The UK cover:

Source: Waterstones

 

The US cover:

Source: Amazon

 

Source: readingfortheheckofit.blogspot.com
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review 2017-03-10 14:19
Tiberius is a pretty cool name for an arachnid
The Last Shadow Gate: The Shadow Gate Chronicles Book I - Michael W. Garza

The following book was kindly sent to me by the author, Michael W. Garza, who requested a review. This book is out now and you can get a paperback or ebook copy by visiting Amazon. :-)

 

The Last Shadow Gate is the first book in The Shadow Gate Chronicles and begins the story of Gavin and Naomi who are agnate siblings (i.e. they have the same father). On the face of things, there is nothing truly remarkable or strange about these two kids...and then they are sent to spend the summer with their great-grandmother. This is when they start to become interested in the mystery revolving around their great-grandfather, Papa Walker. As they delve deeper into what really happened to him they get closer and closer to a danger that will change their lives irrevocably. Without giving too much away, there is a swashbuckling, coming of age adventure mixed with fantastical creatures, political intrigue, and magic wielding. Garza has clearly spent a lot of time on world building and it shows. If you're a fan of books that consist of character names each more wild sounding than the last then you have stumbled onto the right book. I will offer one criticism which is that after the midway point I felt that the writing quality diminished significantly. It felt rushed and not as well thought out as the first half which is a shame as I had started to really get into the narrative by that point. I know that Garza is hard at work on the second installment of the series so I hope that the books continue to show improvement. (Note: I don't want to sound like this was horrifically written because it wasn't. It just became markedly more muddy and repetitive towards the second half.) For middle grade fantasy lovers, this would be a fun book to sink their teeth into this winter (especially if they're into series books which everyone seems to be these days).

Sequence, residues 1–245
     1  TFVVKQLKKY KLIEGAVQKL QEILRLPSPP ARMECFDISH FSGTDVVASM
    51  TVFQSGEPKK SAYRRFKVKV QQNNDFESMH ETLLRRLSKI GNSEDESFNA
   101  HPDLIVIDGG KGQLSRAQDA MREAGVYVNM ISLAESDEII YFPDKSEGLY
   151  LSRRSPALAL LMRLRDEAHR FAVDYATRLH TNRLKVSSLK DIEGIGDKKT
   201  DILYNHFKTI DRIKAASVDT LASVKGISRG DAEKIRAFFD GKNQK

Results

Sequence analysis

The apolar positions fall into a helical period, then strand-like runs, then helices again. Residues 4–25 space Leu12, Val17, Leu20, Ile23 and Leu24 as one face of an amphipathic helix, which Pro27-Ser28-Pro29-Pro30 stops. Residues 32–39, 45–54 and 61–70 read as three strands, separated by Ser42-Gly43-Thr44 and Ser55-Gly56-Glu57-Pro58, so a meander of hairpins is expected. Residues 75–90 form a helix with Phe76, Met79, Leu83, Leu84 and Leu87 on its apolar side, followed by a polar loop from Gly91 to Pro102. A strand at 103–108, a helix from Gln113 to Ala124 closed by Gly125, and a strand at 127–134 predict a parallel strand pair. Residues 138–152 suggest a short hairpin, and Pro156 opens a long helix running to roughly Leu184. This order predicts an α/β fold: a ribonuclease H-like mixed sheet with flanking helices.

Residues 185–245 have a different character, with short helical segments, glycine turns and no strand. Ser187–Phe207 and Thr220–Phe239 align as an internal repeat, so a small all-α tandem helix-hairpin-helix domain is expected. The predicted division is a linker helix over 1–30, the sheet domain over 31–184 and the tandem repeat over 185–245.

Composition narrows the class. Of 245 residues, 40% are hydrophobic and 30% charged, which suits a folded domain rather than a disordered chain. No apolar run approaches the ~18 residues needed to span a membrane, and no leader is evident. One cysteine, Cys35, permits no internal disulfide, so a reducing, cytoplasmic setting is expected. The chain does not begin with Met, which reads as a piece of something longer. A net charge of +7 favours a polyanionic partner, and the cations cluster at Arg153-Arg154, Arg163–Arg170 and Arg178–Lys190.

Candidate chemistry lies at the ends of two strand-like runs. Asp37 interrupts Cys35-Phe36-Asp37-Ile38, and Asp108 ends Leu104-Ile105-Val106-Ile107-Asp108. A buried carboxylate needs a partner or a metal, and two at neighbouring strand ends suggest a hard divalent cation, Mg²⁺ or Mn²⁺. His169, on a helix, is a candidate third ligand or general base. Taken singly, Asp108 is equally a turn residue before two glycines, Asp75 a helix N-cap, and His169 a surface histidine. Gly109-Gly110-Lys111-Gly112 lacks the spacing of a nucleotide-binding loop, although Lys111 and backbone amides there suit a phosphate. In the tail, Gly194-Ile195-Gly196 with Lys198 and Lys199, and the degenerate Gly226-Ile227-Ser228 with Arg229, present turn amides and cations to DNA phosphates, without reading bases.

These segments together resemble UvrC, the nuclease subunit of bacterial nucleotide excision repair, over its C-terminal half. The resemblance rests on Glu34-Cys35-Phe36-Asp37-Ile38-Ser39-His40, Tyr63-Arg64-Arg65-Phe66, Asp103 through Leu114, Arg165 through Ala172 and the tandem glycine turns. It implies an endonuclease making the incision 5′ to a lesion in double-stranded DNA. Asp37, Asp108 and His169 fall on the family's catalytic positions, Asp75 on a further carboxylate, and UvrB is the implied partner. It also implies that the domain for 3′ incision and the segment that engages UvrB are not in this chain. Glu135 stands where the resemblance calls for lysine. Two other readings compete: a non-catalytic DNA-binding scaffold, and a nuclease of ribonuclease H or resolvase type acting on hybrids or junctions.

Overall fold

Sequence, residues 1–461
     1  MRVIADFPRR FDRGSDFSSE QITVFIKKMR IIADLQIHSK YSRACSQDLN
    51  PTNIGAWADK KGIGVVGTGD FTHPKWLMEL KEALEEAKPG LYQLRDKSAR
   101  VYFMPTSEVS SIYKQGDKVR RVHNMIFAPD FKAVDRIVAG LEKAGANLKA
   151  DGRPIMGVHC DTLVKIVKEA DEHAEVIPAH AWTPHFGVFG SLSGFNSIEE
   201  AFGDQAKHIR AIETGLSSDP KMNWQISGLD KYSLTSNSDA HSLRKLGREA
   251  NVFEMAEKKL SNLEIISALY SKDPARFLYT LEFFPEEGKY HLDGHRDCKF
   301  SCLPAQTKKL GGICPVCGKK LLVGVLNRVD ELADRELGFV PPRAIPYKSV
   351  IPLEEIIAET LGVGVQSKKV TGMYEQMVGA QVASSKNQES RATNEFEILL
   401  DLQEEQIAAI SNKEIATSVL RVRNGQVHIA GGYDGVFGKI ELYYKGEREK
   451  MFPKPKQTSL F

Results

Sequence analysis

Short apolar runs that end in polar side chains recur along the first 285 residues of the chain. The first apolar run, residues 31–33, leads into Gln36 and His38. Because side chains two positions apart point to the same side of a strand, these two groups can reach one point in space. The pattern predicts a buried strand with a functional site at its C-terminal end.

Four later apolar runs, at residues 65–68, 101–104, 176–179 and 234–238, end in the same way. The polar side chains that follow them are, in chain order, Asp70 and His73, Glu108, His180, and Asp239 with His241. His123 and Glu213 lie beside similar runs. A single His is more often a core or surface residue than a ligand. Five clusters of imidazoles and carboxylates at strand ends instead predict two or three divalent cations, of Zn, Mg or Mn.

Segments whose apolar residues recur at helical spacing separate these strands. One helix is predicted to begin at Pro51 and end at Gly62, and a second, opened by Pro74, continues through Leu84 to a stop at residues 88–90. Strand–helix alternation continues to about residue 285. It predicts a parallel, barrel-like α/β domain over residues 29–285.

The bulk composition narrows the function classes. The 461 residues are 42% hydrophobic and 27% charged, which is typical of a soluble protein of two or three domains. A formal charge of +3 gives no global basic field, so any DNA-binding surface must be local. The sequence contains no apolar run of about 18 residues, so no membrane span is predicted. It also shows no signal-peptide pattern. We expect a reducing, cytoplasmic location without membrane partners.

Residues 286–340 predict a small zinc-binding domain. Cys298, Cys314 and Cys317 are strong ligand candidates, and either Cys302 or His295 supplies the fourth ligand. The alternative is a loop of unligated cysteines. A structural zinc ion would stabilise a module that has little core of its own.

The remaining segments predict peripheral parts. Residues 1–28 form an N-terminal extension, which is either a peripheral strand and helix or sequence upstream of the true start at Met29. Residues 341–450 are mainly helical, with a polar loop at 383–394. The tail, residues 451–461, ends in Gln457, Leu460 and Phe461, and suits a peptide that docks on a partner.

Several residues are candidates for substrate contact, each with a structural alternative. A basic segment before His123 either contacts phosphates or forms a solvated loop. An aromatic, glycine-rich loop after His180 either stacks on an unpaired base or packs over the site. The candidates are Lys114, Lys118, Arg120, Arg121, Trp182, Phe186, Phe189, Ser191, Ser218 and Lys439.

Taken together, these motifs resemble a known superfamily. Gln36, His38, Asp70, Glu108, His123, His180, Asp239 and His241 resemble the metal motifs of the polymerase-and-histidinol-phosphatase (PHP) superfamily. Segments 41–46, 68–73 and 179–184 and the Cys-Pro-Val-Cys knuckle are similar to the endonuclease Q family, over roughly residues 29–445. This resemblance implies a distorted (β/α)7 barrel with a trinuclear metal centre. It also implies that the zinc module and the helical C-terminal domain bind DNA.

Source: readingfortheheckofit.blogspot.com